This article is a reprint from the december 2020 DANES magazine.
Text: Elisabeth Geday, Partner and advisor at Genux Executive (firstname.lastname@example.org)
Prepare for a job interview like you would for an important meeting or an exam. Here are some tips from all of us at Genux Executive, where every day we help candidates prepare for interviews. The better prepared the applicant, the better the process for all parties.
This guide is based on the typical course of a job interview in Denmark for salaried and management positions in the public and private sectors.
Before the interview
Know the framework, the people and the organisation: Think of yourself as a journalist tasked with collecting information about an organisation and an interviewer. First off, you have to know the process and the framework of the job interview(s). How many interviews have been planned? How much time has been allotted for each interview? Does the process involve recruitment tests and cases? Where are interviews going to take place? How can you make sure you arrive on time – and preferably slightly early?
Who is participating in the process, and what are their roles? Do your research in advance (e.g. via LinkedIn or Google) and print out portraits that you can write a few notes on. If you do this right, it can come across as positive that you are already familiar with the faces and names on arrival. This is especially true if you are being interviewed by a large hiring committee, as is often the case in public sector contexts. You can also use information gathered during your preparations to establish a good rapport with members of the hiring committee during the process. But be careful not to come across as a spy, in which case your efforts will have the opposite effect.
What is currently going on in the company or organisation that will be interviewing you? You know about the job from the vacancy announcement, but a lot of other factors can be at play. Therefore, you should also research the company to gather knowledge about recent media coverage, general financial performance, staff turnover, etc. You may not end up using this information for any specific purpose, but if you can naturally demonstrate your insight during the interview, this may impress the hiring committee.
Is a recruitment consultant or agency involved in the hiring process? If so, make sure you also research this person or organisation. How does the company typically organise the process? A company will usually use the same recruitment tests every time, and it may be helpful if you are familiar with them. For example, do they use logical tests to measure your analytical abilities? It might be a good idea to brush up on mathematics and geometry, or practice analogy quizzes ahead of the interview. Some Danish sites for doing this include testttalent.dk/pi-li-pli-tests-paa-dansk/ and iq-test.illvid.dk.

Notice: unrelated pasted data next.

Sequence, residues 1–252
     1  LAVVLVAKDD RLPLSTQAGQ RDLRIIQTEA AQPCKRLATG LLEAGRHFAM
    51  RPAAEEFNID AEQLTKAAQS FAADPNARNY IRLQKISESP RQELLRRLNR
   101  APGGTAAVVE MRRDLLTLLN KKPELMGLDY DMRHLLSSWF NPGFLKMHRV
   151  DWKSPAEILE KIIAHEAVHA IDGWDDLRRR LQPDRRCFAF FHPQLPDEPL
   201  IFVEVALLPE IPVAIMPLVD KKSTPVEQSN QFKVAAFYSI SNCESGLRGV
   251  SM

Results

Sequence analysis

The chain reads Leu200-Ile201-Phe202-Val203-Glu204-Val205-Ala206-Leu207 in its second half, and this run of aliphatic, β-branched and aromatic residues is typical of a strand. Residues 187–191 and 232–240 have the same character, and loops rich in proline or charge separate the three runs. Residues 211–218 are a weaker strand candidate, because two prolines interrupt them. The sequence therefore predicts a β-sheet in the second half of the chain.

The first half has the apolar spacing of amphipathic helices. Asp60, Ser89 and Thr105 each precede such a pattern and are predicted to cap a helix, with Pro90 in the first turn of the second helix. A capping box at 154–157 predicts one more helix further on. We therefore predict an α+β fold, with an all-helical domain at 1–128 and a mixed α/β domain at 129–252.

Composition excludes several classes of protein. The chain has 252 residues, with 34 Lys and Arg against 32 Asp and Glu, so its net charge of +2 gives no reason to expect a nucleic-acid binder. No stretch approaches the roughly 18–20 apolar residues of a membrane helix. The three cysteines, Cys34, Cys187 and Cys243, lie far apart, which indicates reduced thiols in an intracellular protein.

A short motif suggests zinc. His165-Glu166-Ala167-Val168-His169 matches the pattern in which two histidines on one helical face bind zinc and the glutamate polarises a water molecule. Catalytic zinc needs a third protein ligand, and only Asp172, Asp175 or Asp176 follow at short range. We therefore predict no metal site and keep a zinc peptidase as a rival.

There are some questions that you will almost always be asked in an interview. You might as well prepare your answers in advance. The first is: “Tell us a little about yourself!”
You should use your “elevator speech” here. The elevator speech is structured in the same way as an old-fashioned press release: the most important information comes first, so that you can stop at any point in the speech depending on how much time you have.
The elevator speech must provide a short and precise answer to these questions:
- Who are you? (What is you name and position?)
- What do you do?(What are your responsibilities and tasks in your current job?)
- What do you want? (What are you passionate about and what is important to you in a future job?)
- What are you capable of doing?
- What are your key competencies for the position and what makes you stand out?
- What are your biggest and most relevant past successes?
- How can you add value to the company/organisation?
You have, of course, prepared and practiced this speech at home with assistance and feedback from people you trust. If you expect the hiring committee to ask you other questions – for example, about “gaps in your CV” or a sudden departure from a past job – prepare strong, brief answers in advance. Questions about your family life, your health or plans to have children are not appropriate, but nonetheless you should consider how you would respond if you were asked such questions.
The question of pay will come up at some point in the process. It is important that you have considered in advance whether you have a minimum limit that you are unwilling to negotiate below. Early on in the process, the headhunter or hiring coordinator will ask about your current pay or an estimate of your pay expectations. They will do this to ensure that there are grounds to continue considering you for the position.
Think about your appearance and plan your attire to match the culture of the company and the job you are seeking. If you are unsure, check photos from the company in advance. Remember that your appearance is a form of communication. If your shoes are dull and slightly dirty or if your shirt is wrinkled, you may not be detail-oriented – or even downright sloppy – in your work. Under all circumstances, it certainly will not be to your benefit in the recruitment process.
The job interview
Not all interviews are the same, but many elements are seen in every recruitment process. Here we are describing a typical process for salaried positions in Denmark.
There will often be two rounds of interviews, which begin with a preliminary screening interview, where you may have 30 to 60 minutes with all or some of the hiring committee. If a headhunter is involved in the process, she or he may conduct the screening alone. The interview typically begins with the committee members presenting themselves and then inviting you to say a few words. This is your opportunity to deliver your elevator speech. Most of what you say is probably already in your written application, so the information you share is not new to the committee. Therefore, the main focus here is on your delivery: do you present yourself well? Are you convincing and genuinely committed, and do you come across as authentic? Are you able to “read the room” and adapt your conduct and speech accordingly? The committee will then ask you a couple of questions and the interview will come to an end. Anywhere from 10 to 20 applicants may be called in for these screening interviews.